In the hands of the equally well-read but more self-consciously charismatic and “intellectual” Greil Marcus, such first-person reporting would quickly become insufferable. On the other hand, were Guralnick forced to write from Booth’s markedly subjective point of view, the result would doubtless be forced and embarrassingly overdetermined, a kind of print version of the Steve Martin/Dan Aykroyd “Wild and Crazy Guys” routine. What places Booth in their company is his threefold discovery: that the Romantic embrace of subjectivity confers an instant mantle of authority, since no reader will suspect the author of trying to disguise a personal point of view as absolute truth; that putting the reporter in the picture gives the subjects’ lives another dimension, since we become aware that they are responding to the presence of a self-declared observer and critic; and, last, that a story about chaos needs a center lest the story itself become meaningless, chaotic mumbo jumbo.

Booth’s initial injury—and his foreshadowing of more to come—also remind us that there used to be a cost attached to being an outlaw, musically or reportorially. Sure, those were the days of the “New Journalism,” a neo-Romantic but reportorial type of writing in which Booth (like fellow Southerners Tom Wolfe and Truman Capote) excelled; this literary subgenre has been blamed for more bad writing and acts of self-indulgence than the word processor, political correctness, and consumer-based narcissism combined. Nonetheless, the New Journalism insisted that writers have something at stake in their writing—in other words, a heartstring, if not a scarf, tied to the subject matter. It’s usually when that tie becomes splayed that trouble results: Too much heart, or Romanticism, can become boring and solipsistic; too much classically objective, “just the facts, ma’am” subject matter can become boring and dry.

Without directly addressing it, Booth nails this problem of balance with his account of the Stones’ pre-1969 tour press conference: “Finally the flashes stopped and for a long moment there were no questions, no one could think what to ask, the confrontation was enough; three years ago when the Stones last toured the United States, most of the people now here to interview them were teenagers screaming in darkened arenas their adoration of the Stones, who were going in the interim to be arrested, to swap women, to break up, to die, and yet here they are, elbows on the table.... [T]his generation, like every other, contained mostly dull-normal people who needed others to live their lives for them. Luckily there are always a few people who can and do live other people’s lives for them. They are the stars of the time.”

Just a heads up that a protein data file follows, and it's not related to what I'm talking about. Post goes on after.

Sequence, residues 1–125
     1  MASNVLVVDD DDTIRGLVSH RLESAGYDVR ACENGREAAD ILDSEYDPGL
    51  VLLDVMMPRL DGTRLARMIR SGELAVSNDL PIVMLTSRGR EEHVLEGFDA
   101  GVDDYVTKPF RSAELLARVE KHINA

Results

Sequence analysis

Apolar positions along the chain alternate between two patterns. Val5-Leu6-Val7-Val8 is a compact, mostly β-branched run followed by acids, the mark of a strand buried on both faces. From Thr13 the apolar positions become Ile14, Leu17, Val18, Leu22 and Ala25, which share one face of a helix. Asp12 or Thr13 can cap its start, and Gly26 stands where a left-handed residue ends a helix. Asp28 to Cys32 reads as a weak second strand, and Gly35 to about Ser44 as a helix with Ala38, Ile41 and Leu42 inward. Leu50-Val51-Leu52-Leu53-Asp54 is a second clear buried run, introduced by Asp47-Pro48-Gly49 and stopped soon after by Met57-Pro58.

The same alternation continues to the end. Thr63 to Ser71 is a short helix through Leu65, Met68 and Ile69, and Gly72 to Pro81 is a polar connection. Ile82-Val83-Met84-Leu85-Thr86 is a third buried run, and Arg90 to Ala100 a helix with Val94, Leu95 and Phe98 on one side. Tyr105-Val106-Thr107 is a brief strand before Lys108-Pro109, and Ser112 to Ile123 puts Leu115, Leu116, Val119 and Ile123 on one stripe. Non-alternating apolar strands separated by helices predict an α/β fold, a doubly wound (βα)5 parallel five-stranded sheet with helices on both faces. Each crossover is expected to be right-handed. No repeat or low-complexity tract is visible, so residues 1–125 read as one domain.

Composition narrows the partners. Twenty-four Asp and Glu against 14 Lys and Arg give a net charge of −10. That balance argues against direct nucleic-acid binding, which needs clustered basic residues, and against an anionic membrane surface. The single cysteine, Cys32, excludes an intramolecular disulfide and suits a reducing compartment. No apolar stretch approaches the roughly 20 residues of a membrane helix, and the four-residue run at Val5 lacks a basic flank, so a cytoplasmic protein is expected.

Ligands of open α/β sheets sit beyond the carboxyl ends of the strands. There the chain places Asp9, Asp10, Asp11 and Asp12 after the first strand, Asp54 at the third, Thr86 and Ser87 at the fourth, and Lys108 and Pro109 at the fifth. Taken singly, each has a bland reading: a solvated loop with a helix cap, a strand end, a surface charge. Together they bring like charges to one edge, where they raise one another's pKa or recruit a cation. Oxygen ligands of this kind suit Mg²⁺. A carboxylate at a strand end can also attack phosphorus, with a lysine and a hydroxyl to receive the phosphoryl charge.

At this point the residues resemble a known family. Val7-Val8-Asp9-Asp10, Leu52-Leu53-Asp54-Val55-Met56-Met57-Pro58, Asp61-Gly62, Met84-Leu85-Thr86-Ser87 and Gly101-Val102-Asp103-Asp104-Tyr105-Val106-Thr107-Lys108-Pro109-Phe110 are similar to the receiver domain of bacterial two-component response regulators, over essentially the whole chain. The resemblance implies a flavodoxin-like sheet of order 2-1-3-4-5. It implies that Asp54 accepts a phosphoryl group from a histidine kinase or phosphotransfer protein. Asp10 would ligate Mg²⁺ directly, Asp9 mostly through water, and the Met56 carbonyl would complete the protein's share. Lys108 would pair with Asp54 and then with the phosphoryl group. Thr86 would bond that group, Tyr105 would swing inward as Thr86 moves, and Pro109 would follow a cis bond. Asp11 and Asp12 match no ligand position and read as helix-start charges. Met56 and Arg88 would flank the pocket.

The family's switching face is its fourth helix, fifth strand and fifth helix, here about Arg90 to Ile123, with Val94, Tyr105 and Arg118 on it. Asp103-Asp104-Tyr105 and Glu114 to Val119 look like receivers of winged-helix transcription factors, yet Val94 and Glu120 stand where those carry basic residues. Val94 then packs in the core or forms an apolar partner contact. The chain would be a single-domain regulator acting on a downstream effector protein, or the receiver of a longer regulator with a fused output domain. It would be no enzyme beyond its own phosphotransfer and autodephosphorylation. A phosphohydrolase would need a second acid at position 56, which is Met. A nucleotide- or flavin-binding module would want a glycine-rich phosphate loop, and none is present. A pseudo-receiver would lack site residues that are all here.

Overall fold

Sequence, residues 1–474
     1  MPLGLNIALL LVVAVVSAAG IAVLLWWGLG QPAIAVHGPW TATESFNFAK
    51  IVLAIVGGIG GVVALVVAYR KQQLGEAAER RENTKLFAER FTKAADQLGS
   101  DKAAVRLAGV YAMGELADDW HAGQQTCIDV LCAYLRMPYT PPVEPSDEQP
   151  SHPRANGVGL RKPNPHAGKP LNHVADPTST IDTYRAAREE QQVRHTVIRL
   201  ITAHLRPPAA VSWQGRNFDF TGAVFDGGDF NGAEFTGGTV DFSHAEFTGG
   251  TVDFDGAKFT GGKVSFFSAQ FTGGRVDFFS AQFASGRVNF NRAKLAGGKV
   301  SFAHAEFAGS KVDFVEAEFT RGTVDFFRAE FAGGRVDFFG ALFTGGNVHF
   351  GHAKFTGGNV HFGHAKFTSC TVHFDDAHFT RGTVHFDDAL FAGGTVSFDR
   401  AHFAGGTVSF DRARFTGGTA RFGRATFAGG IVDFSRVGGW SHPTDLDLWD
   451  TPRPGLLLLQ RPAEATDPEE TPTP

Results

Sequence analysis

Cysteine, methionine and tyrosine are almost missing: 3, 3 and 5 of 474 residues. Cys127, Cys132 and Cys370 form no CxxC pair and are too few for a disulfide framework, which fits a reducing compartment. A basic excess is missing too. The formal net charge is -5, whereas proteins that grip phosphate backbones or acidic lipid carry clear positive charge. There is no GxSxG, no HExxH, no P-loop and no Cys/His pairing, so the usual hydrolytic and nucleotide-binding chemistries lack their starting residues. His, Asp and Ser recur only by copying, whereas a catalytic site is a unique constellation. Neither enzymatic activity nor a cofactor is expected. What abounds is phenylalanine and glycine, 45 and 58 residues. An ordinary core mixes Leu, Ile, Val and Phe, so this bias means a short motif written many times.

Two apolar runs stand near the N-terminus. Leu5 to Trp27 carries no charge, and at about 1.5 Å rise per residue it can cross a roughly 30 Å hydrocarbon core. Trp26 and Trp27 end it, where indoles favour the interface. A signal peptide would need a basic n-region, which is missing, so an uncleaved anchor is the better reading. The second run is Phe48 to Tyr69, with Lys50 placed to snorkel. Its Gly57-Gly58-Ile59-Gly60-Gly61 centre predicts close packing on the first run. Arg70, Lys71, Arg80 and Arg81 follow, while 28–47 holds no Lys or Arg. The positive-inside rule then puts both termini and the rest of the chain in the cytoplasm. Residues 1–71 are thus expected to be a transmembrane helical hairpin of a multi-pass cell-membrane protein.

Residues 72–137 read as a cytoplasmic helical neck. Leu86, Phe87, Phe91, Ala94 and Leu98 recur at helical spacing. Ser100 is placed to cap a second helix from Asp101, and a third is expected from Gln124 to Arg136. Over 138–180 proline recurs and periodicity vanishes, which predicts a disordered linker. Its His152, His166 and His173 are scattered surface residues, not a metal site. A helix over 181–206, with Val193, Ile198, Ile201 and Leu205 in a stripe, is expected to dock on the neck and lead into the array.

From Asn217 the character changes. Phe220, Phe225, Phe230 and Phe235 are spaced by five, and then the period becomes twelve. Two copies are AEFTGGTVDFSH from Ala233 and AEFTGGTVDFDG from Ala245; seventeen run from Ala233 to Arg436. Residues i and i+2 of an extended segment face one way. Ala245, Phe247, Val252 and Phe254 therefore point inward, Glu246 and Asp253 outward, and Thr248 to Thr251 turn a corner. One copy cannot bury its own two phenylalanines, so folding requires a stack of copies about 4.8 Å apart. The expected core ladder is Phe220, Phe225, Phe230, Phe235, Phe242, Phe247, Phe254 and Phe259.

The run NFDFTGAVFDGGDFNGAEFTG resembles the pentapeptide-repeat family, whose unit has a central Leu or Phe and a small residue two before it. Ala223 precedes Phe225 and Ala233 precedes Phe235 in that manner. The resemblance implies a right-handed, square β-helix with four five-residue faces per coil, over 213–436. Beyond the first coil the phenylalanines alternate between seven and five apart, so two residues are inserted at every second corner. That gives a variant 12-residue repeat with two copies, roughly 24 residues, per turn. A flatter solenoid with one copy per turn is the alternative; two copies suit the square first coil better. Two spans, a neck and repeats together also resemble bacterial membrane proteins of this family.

Booth’s own light has been too intermittent to allow him to rise to the stardom—and instant name recognition—of a Marcus or a Guralnick. The latter calls The True Adventures of the Rolling Stones, with his characteristically self-effacing generosity, “the one authentic masterpiece of rock ’n’ roll writing.” More to the point, however, are the recommendations of Harold Brodkey and Robert Stone blazoned on the back cover. Booth is a writer whose subject happens to be music and whose genre happens to be nonfiction. He’s not a memoirist, but rather a “diarist” in the sense that Thomas DeQuincey or Robert Burton were diarists of, respectively, addiction and depression. Most accurately, he’s what James Merrill and/or John Ashbery (both have been credited) said of the poet Elizabeth Bishop: “a writer’s writer’s writer.”

We’re doubly lucky to have Booth’s Rythm Oil: A Journey Through the Music of the American South, (Da Capo, $16), a volume I’d never previously seen except via bootleg xeroxes and interlibrary loan, back in print as well. “Standing at the Crossroads,” a short one-act play, is worth the price of the book, released just last month; “The Funeral of Mississippi John Hurt” and “The Memphis Début of the Janis Joplin Revue” are other highlights.